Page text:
Jim Nottingham, director of switching in Northern Maryland for Chesapeake & Potomac Telephone Co., says trying to find the culprit to Wednesday's massive phone outage is a bit like "caring for a sick child. You want to stay up until it's well, hold its hand, take its temperature, do whatever you have to do to make it better."
By most estimates, that could take a while.
Five days after the worst outage in C&P;'s history, technicians still don't know what caused the local phone networks in Maryland, Washington, Virginia and West Virginia to overload and shut down.
By week's end, a malfunctioning circuit board in a Baltimore computer was being blamed for triggering the massive outage. But technicians still can't explain why the chain of events that followed left up to 5 million customers across the region without phone service.
Bell Atlantic Corp., the corporate parent of C&P;, assembled a task force of more than 200 technicians from across the country to try to figure out an answer to that problem. As of yesterday, there was talk of bolstering those ranks further with technical experts from New Zealand Telcom, the local phone company New Zealand Bell Atlantic purchased last year.
Mr. Nottingham, a member of that task force, said he plans to RTC meet with about a dozen technical experts today from across the region to go over reams of computer printouts that detail the events that immediately preceded and followed the breakdown.
According to Mr. Nottingham, getting all the computer printouts from those few hours took almost three hours to print out Friday.
"I won't know how much paper we have to look at until I get there, but it's a lot," he said.
At today's meeting, scheduled to be held at a C&P; site in Hunt Valley, Mr. Nottingham and his colleagues plan to sequester themselves in a conference room and, armed with red pens and plenty of coffee on hand, begin the tedious task of trying to figure out what led to Wednesday's catastrophic breakdown.
That means sifting through thousands of lines of computer messages See C&P;, 8C, Col. 4C&P;, from 1Cfor any clues that will lead them to the culprit of the breakdown. By isolating possible clues for discussion, the group hopes to try to piece together, second by second, Wednesday's events.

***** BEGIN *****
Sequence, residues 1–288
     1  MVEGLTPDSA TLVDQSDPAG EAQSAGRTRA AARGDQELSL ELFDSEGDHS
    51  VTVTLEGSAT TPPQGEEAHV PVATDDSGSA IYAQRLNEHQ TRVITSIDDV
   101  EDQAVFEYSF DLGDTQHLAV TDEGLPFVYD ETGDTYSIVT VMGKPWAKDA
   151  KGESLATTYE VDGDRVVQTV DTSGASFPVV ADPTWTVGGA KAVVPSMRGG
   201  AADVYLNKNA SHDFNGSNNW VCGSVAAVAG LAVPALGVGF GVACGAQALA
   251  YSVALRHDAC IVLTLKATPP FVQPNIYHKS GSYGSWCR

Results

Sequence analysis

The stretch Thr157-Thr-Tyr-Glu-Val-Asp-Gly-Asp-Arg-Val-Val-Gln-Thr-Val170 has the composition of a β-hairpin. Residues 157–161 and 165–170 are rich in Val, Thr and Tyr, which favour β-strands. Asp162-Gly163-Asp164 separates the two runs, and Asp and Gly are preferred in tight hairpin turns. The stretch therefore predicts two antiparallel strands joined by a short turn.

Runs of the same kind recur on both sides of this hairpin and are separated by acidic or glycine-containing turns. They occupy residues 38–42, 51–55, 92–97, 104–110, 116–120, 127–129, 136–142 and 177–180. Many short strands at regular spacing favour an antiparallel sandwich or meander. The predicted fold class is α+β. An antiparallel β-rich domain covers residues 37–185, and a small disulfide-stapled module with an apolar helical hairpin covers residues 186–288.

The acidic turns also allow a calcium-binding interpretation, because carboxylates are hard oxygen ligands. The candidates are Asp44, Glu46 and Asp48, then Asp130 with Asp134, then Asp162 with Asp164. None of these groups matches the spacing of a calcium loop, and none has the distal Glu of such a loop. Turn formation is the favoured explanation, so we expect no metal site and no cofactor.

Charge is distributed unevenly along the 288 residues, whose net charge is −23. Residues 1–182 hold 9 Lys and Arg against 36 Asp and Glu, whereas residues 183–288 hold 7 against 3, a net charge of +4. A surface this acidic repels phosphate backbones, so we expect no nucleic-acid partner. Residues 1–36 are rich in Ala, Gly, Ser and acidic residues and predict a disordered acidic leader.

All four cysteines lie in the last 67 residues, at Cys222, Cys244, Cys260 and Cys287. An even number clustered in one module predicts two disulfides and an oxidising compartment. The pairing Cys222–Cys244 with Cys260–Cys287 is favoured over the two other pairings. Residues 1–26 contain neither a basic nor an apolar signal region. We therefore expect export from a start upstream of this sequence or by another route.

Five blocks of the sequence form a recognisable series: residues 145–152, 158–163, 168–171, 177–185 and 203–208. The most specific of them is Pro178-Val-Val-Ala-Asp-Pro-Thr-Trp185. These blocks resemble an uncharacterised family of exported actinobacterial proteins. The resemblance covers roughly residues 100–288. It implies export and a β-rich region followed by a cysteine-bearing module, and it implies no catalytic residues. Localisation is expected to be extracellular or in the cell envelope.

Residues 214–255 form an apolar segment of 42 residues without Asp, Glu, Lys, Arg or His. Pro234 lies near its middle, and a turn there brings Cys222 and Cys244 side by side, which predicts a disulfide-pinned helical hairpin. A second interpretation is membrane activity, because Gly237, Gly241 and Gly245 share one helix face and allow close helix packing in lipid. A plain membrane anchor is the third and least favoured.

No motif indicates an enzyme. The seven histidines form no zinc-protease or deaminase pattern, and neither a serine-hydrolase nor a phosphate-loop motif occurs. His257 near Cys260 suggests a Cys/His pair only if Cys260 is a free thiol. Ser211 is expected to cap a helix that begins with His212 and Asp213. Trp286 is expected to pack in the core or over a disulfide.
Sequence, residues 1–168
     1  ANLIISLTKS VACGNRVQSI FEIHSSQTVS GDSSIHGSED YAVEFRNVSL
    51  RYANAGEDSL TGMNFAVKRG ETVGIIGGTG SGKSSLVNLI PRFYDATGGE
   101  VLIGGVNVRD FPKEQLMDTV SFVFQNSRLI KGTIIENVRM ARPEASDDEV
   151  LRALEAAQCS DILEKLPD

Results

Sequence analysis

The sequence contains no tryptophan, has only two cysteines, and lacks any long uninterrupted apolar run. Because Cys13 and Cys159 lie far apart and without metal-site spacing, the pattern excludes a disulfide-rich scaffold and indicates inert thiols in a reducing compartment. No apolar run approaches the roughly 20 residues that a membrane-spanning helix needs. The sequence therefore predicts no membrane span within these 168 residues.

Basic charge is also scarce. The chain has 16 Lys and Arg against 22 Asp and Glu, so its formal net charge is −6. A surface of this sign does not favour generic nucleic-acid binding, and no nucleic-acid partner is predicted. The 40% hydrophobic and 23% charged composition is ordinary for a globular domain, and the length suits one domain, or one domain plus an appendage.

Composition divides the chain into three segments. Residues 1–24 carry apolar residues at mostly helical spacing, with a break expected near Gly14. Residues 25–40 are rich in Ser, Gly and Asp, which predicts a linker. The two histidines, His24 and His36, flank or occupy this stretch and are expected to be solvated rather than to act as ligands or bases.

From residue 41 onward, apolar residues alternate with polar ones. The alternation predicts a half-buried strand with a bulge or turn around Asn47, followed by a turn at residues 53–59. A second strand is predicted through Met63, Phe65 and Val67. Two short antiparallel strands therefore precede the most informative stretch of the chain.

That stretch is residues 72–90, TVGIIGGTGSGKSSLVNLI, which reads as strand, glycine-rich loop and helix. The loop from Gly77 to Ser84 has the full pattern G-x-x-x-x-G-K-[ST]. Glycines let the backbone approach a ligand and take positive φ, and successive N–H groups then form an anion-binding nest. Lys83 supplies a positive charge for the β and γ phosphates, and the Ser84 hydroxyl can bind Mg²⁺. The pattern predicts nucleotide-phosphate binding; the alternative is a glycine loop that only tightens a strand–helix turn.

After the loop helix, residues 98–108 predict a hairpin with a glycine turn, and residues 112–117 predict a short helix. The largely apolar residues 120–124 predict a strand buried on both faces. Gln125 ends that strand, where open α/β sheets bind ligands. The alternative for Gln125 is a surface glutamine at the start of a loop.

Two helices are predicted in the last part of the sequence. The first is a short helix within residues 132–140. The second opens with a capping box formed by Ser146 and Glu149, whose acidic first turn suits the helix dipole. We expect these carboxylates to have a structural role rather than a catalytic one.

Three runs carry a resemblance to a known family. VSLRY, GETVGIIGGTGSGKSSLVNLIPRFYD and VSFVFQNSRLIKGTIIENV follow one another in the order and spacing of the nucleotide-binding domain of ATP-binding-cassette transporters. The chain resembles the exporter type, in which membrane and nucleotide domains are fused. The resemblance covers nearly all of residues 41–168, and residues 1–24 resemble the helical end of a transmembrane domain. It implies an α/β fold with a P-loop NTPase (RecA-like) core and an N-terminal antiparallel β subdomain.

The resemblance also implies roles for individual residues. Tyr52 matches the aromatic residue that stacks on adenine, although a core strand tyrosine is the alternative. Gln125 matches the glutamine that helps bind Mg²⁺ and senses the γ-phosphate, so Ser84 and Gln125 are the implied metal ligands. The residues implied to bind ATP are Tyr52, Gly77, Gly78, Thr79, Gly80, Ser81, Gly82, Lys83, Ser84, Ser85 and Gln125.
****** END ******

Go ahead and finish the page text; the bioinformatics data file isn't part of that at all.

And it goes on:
Computer messages -- which are the internal communicationthat computers send each other to confirm that everything is functioning properly -- resemble gibberish to the untrained eye -- a series of numbers, punctuation marks and acronyms that sometimes send even veterans like Mr. Nottingham back to the manual for translations.
Not surprisingly, the task of wading through codes can often be slow, tedious and stressful. The difficulty of isolating electronic aberrations on paper is only compounded when the problem, like that Wednesday, is spread among four calling regions, four master computers and hundreds of electronic switches.
"It's been a long and hard process," said Mr. Nottingham yesterday as he headed, yet again, back into his office. "But you have to analyze each, individual thing if you want to get the total picture."
The only problem is, C&P; may never get the total picture.
According to Philip Freedenberg, president of Federal Engineering Inc., the sophisticated nature of C&P;'s network -- comprising master computers that tell electronic switches how to route and sort calls -- makes it extremely difficult to diagnose a problem like the one that occurred Wednesday.
The reason: Technicians basically have to reassemble the set of circumstances that led up to the breakdown to look for clues about what happened, much like an investigator has to try to reassemble a crime scene after it has taken place.
For a network of C&P;'s size, the circumstances and combinations of circumstances that possibly caused the outage could number in the millions, leading technicians into a protracted guessing game with computer codes, glitches and intangibles -- such as power surges or an unusual set of calling patterns -- that may or may not be easily uncovered.
"I'm not surprised C&P; can't pinpoint it," Mr. Freedenberg said. "They may never pinpoint it, and that's the scary part, because there's no guarantee that there's not another bug in it somewhere else that will send it off into never-never land a week or month from now."
According to Kenneth Pitt, a Bell Atlantic spokesman, steps have already been taken to make sure that Wednesday's performance isn't duplicated any time soon. But he acknowledges there's no guaranteeing that outages won't occur the future, an inherent risk of using state-of-the-art technologies.
"We're going into new areas of technology, and we're apparently learning as we go," he said.